As a novelist, Charles Dickens owns Christmas, with his uplifting story of Ebenezer Scrooge and the three spirits who renew his soul in one night. But this year — when only a few months ago children were being separated from their parents at the Mexico-United States border — is an appropriate time to read a Christmas story by another giant of world literature: the writer Pope Francis has referred to as “the great Dostoevsky.”
“The Heavenly Christmas Tree” is a darker tale than Dickens’ “A Christmas Carol” and its young, nameless protagonist has even more severe troubles than Tiny Tim. But the story includes a vision inspired by the Gospel that serves as a reminder that, although society may see the poor and their children as problems, they are beloved by God.
Fyodor Dostoevsky (1821-81) was a Russian novelist best known for works such as “Notes From the Underground” and “Crime and Punishment,” yet “The Heavenly Christmas Tree” is a short piece, available on the internet, that can be read in 10 minutes. In it the author explores one of the themes he deals with at greater length in his masterpiece “The Brothers Karamazov.”
At the center of that 1,000-page novel, Ivan Karamazov dismisses God by talking about the suffering of the innocent, enumerating in detail horrific cases — based on actual incidents — of young children being mistreated, abused and killed. Then Ivan asks his saintly brother Alyosha the question that has always troubled people of faith: Would you create a world where such atrocities happen?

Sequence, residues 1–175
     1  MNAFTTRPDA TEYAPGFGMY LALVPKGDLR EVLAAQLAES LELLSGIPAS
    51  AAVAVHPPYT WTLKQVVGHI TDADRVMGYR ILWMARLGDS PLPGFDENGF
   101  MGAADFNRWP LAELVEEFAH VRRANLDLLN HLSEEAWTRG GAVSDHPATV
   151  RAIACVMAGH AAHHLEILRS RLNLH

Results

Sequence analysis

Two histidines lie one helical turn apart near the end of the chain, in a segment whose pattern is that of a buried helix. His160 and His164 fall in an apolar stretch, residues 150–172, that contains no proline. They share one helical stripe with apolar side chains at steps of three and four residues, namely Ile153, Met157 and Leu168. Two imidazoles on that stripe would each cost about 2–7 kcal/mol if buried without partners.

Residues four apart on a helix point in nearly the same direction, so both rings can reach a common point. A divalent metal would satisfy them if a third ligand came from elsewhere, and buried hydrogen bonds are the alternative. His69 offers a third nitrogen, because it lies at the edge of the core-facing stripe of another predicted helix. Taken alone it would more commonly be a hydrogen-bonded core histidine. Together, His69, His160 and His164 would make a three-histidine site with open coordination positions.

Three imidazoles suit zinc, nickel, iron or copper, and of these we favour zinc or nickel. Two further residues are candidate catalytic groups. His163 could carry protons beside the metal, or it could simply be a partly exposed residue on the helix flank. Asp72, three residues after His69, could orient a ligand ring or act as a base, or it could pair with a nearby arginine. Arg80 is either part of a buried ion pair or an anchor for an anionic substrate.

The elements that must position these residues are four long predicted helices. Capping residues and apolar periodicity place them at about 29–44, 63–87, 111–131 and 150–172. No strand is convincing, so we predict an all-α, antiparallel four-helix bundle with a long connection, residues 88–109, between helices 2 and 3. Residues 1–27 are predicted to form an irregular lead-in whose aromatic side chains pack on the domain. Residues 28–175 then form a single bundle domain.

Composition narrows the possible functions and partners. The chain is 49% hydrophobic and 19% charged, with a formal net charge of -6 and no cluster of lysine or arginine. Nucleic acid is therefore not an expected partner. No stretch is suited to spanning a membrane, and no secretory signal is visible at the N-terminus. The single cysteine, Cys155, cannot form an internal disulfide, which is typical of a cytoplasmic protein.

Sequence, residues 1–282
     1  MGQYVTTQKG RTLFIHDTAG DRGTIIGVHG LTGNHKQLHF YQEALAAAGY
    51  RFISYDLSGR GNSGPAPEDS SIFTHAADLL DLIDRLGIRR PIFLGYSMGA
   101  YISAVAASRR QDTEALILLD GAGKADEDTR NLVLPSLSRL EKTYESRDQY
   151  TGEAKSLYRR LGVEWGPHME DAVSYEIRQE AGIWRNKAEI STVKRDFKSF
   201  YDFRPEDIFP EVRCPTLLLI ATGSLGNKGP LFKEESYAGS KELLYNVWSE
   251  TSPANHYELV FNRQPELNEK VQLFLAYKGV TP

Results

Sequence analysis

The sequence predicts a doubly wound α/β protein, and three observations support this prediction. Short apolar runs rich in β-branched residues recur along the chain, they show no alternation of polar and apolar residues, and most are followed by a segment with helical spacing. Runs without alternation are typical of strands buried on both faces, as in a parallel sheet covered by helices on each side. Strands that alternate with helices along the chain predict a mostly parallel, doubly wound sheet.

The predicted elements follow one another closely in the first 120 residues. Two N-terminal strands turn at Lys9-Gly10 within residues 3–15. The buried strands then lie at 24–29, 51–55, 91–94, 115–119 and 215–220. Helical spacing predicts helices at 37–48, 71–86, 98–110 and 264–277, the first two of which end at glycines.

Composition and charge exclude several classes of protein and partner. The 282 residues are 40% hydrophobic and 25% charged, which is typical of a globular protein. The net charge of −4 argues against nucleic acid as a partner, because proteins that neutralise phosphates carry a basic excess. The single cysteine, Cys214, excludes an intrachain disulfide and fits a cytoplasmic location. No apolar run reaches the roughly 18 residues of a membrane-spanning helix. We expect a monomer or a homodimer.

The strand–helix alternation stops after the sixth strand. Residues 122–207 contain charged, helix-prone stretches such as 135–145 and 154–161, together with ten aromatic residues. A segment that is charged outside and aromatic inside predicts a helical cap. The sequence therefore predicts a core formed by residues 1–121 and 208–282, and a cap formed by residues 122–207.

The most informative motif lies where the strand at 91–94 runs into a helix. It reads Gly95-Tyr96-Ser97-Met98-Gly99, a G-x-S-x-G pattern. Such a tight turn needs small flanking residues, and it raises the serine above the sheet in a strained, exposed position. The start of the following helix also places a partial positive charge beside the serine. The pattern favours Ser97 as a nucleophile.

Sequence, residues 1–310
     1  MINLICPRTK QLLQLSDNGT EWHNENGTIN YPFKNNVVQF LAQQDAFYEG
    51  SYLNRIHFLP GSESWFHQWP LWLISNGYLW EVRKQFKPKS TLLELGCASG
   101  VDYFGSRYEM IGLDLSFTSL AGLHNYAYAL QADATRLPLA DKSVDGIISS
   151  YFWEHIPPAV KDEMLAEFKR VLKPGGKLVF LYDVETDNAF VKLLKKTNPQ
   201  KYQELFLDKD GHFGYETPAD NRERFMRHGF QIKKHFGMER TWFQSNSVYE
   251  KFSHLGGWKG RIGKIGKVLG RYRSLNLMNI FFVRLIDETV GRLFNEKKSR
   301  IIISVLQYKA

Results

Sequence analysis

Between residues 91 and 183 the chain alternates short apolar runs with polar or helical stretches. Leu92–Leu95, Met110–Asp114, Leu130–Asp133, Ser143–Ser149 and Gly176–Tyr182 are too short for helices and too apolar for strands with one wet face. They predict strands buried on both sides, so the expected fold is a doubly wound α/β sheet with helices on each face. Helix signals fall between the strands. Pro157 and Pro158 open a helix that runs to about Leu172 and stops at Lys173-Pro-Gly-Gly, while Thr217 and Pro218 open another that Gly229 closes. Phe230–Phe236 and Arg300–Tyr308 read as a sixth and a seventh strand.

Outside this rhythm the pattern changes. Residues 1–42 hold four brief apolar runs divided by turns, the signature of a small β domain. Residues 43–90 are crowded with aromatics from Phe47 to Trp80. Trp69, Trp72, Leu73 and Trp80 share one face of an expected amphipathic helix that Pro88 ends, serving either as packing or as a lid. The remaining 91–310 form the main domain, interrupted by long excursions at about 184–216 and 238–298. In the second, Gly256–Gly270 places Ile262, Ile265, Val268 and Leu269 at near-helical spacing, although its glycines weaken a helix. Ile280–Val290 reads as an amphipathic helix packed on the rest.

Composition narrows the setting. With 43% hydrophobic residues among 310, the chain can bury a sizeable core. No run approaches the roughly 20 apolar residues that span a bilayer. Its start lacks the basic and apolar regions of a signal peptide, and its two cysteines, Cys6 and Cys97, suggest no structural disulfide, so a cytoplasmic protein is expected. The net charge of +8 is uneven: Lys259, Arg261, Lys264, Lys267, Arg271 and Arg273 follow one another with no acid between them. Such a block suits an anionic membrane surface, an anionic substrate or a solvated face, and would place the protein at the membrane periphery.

“‘No, I would not,’ Alyosha said softly.”
The younger brother’s only response, finally, is not to debate his intellectual brother but to talk about Christ’s sacrifice and forgiveness.
Shortly before his death, Dostoevsky wrote in his diary that it is “not like a child that I believe in Christ and confess him. My hosanna has come forth from the crucible of doubt.”
Dostoevsky’s own mother died when he was a teenager, and his alcoholic and abusive father was murdered by his own serfs a couple of years later. As a political prisoner he was subject to a mock execution and served a term of hard labor in Siberia. He had constant financial worries, made worse by a gambling problem, and he suffered from epilepsy. His first-borne child, Sonya, died when she was only three months old.
The little boy, “6 years old or even younger,” of “A Heavenly Christmas Tree” dies cold, hungry and alone after the death of his poor mother — while nearby children of affluent families are enjoying their holiday festivities. But near death, he hears his mother singing, and then he hears a soft voice whispering, “Come to my Christmas tree, little one.” The subsequent scene calls to mind both the Beatitudes and Matthew 19:14 (Jesus saying, “Let the children come to me.”)
It is a scene for any parent who has lost a child for any reason: sickness, an accident, abortion. Or whose child at any age has been, either literally or figuratively, lost.
But “The Heavenly Christmas Tree” ends not with a beatific vision but with a porter finding the frozen body of the dead child, a reminder that Christian hope is no excuse for ignoring Christian responsibility.
Dorothy Day was a great admirer of Dostoevsky and reportedly one of her favorite quotes was spoken by Zossima, a holy man in “The Brothers Karamozov”: “Love in action is a harsh and dreadful thing compared to love in dreams.”
As many people of good will — certainly people at the U.S.-Mexico border — know full well, the hard work of “love in action” is needed all year long, not just at Christmas. It is often forged in a crucible of doubt.
Carl Peters is the managing editor of the Catholic Star Herald.